News, Notes, and Dispatches From Wherever Coconuts Grow

August 01, 2003

The Sad Fate of Nauru

The Economist ran an article in December 2001 about the sad state of affairs in Nauru, the smallest independent republic in the world. From the article:

IT SITS, a tiny eight-square-mile speck, way out in the vast and lonely reaches of the Pacific, halfway between Hawaii and Australia. In 1798 a passing British captain, the first westerner to see it, dubbed it Pleasant Island. That old name sounds cruelly ironic now. Seen from the air, Nauru resembles an enormous moth-eaten fedora: a ghastly grey mound of rock surrounded by a narrow green brim of vegetation. On the ground, this unlovely impression is confirmed. Strip-mining has turned Nauru into a barren, jagged wasteland. The once-dense tropical vegetation has been cleared. The exposed rock reflects the heat of the equatorial sun and drives away rain.

Unlike many small, remote Pacific islands, Nauru possesses a valuable commodity, phosphate, a sought-after fertiliser ingredient. A high-grade supply was discovered in 1900. For a brief, heady moment in the 1970s, Nauruans were, astonishingly, among the richest people on earth. Now they are poverty-stricken, unhealthy and look set to be clobbered by international trade sanctions. The story of Nauru's descent from prosperity to penury is one of the most cautionary tales of modern development.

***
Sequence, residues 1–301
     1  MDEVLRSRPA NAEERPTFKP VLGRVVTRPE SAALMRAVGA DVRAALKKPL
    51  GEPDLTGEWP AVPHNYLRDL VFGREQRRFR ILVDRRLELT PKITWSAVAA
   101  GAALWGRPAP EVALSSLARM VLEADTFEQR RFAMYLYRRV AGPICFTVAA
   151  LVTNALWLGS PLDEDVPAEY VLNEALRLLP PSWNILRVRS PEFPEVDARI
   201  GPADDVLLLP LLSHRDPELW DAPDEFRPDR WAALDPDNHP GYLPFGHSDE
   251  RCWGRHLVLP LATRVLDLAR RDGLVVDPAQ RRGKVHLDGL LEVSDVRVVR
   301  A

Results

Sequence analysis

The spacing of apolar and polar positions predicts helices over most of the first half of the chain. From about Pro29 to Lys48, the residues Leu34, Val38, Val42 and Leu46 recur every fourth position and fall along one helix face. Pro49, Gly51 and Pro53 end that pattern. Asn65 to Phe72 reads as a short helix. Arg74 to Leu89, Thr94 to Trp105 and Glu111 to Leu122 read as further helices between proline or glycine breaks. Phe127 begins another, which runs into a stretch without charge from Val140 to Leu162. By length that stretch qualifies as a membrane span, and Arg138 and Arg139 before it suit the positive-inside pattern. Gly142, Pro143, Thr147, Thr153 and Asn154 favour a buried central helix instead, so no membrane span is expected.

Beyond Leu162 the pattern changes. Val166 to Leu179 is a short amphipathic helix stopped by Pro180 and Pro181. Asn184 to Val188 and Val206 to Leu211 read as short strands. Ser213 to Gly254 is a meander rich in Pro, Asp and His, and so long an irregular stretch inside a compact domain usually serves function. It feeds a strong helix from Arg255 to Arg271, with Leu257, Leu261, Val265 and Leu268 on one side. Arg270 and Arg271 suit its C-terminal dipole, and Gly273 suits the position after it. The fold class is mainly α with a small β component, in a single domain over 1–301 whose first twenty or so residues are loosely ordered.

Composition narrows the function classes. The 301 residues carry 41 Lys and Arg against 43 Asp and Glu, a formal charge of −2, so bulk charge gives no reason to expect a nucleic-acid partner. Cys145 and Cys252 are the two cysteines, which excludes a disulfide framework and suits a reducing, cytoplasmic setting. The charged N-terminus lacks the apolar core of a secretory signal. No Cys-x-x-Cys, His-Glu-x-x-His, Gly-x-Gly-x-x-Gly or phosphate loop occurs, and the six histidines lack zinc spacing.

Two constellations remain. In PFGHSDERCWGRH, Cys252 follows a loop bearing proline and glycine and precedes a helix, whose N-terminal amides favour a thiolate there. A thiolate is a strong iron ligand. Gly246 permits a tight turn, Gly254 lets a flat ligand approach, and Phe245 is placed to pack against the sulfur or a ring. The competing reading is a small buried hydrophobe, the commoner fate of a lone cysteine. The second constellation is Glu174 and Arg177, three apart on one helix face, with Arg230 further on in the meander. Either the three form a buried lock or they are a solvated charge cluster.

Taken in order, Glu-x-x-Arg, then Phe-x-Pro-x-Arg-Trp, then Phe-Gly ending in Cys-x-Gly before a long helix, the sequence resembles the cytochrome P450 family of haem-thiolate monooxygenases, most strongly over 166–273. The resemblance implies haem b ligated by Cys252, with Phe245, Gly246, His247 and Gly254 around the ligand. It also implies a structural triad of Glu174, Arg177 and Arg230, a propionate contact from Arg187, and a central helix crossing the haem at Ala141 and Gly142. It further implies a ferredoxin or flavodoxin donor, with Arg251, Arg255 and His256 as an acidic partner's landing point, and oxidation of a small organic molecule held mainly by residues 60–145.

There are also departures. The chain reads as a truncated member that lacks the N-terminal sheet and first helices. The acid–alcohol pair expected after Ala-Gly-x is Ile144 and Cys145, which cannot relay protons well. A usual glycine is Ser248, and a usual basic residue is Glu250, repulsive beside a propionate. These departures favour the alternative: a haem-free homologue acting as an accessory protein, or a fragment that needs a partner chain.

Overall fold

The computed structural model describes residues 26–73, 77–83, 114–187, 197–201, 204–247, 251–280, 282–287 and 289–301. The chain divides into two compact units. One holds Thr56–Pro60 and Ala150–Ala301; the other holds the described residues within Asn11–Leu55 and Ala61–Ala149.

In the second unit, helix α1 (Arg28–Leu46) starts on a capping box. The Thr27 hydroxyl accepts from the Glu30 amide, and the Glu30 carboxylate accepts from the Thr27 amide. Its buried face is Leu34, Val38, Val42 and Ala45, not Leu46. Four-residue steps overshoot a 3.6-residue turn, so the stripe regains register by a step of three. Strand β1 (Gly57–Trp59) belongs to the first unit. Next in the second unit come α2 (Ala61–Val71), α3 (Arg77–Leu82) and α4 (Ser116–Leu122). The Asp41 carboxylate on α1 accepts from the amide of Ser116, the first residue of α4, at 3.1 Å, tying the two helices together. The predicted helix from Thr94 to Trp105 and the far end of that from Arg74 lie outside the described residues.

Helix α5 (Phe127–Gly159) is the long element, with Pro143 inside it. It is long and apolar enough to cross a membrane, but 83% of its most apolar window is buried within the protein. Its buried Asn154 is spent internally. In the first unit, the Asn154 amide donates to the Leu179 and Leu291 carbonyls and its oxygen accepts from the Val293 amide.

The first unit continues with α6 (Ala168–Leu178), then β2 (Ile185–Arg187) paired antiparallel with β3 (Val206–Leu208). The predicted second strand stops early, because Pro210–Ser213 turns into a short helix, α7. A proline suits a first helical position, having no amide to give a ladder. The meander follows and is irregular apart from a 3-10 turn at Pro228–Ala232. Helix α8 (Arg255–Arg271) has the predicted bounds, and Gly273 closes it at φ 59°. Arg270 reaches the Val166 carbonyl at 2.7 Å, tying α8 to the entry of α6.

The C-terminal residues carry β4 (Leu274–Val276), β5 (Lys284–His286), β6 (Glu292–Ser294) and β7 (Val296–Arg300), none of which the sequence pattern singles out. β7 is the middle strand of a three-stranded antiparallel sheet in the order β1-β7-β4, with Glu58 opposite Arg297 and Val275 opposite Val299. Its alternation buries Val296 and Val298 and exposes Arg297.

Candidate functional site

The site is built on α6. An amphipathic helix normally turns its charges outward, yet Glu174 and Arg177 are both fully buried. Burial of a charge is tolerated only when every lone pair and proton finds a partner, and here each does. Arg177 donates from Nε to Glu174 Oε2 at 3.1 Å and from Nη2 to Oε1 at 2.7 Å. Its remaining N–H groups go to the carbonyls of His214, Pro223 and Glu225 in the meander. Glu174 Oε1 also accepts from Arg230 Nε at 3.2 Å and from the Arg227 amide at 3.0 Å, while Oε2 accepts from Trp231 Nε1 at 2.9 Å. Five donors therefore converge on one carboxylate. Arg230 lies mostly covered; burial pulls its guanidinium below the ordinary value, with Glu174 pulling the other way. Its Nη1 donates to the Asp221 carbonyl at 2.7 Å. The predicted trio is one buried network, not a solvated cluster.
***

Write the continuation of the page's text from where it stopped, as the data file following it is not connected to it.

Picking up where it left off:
Things have not gotten any better since 2001. "Nauru . . . is in a state of flux," says a February 2003 New Zealand Herald article. " It wants to be seen to be co-operating with the international community, and the US in particular, but it does not know who to trust."

Also in February, all telecommunications links were cut off in and out of Nauru, the nation having gone broke after plundering its natural phosphate resources. (A fate that perhaps awaits larger nations... only a matter of time?)

Meanwhile, this week, an "Australian court has blocked an attempt by the US to repossess Nauru's only aircraft, an Air Nauru 737, saying it would contravene promises given by Washington to reward Nauru for cracking down on terrorism and for helping smuggle North Korean defectors to the West." From an article in the 2 August 2003 edition of the Australian Sunday Mail.

I'm reminded of the recent Steely Dan song:

It's high time for a walk on the real side
Let's admit the bastards beat us
I move to dissolve the corporation
In a pool of margaritas
So let's switch off all the lights
Light up all the Luckies
Crankin' up the afterglow
Cause we're goin' out of business
Everything must go

Talk about your major pain and suffering
Now our self-esteem is shattered
Show the world a mighty hidey-ho face
As we go sliding down the ladder

It was sweet up at the top
'Til that ill wind started blowing
Now it's cozy down below
'Cause we're goin' out of business
Everything must go

Posted by brian at August 1, 2003 04:11 PM